April 12th, 2008
Jules Olitski, Tin Lizzie Green, 1964, plate 24.
“While scrupulously avoiding anything resembling psychological symbolism, the ‘post-painterly’ conception of ‘cool’ included the belief that a painting, no matter how apparently restrained, could address the viewer’s whole being — emotions, intellect, and all — through the eye” (p17).
Friedel Dzubas, Lotus, 1962, plate 32.
“Discrete shapes, dynamic imbalances, cursive drawing, and even the most elliptical, implicit suggestions of narrative were all jettisoned, in various combinations and sometimes all at once. The single indispensable element proved to be color — in generous amounts — which, paradoxically, both emphasized the painting’s presence as an object and suggested vast, ambiguous spaces that one saw into but could not, even metaphorically, enter” (p17, 22).
Morris Louis, Mem, 1959, plate 16.
“This emphasis on color was usually allied with a strenuous avoidance of the materiality so crucial to gestural Abstract Expressionism. Touch could be so reduced that paint applications in Color Field abstractions can seem, depending on our sympathies, either inexplicably magical or almost mechanical. Color can appear to have been breathed onto the surface or, when thinned down and soaked into the canvas, to have fused with it, the way dye fuses with fabric. The results is an ineffable, seemingly weightless expanse. Even though essentially all we are left to contemplate are the physical materials of painting (refined as they are), the result is an exquisitely rarefied type of abstraction in which material means are almost completely subservient to the visual. Any lingering vestiges of the painting’s lost history as depiction disappear, and we are faced with pure, eloquent, wordless seeing” (p22).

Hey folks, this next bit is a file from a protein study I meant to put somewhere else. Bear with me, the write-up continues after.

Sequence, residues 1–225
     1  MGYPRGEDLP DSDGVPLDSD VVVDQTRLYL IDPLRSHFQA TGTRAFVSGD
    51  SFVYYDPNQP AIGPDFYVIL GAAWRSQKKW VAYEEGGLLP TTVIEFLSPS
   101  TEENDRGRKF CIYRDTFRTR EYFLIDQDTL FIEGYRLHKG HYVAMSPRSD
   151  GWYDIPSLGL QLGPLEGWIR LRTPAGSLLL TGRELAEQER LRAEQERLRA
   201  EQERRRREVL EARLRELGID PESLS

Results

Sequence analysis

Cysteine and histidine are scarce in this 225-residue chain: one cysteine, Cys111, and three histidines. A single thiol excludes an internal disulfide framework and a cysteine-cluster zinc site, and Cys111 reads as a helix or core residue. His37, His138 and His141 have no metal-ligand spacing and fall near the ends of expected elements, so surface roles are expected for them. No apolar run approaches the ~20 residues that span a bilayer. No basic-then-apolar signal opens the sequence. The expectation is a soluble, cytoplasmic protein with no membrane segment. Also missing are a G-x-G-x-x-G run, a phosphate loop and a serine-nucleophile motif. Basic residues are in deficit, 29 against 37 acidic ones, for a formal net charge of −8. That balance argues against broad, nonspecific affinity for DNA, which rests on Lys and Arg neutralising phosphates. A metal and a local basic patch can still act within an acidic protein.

Kenneth Noland, Earthen Bound, 1960, plate 19.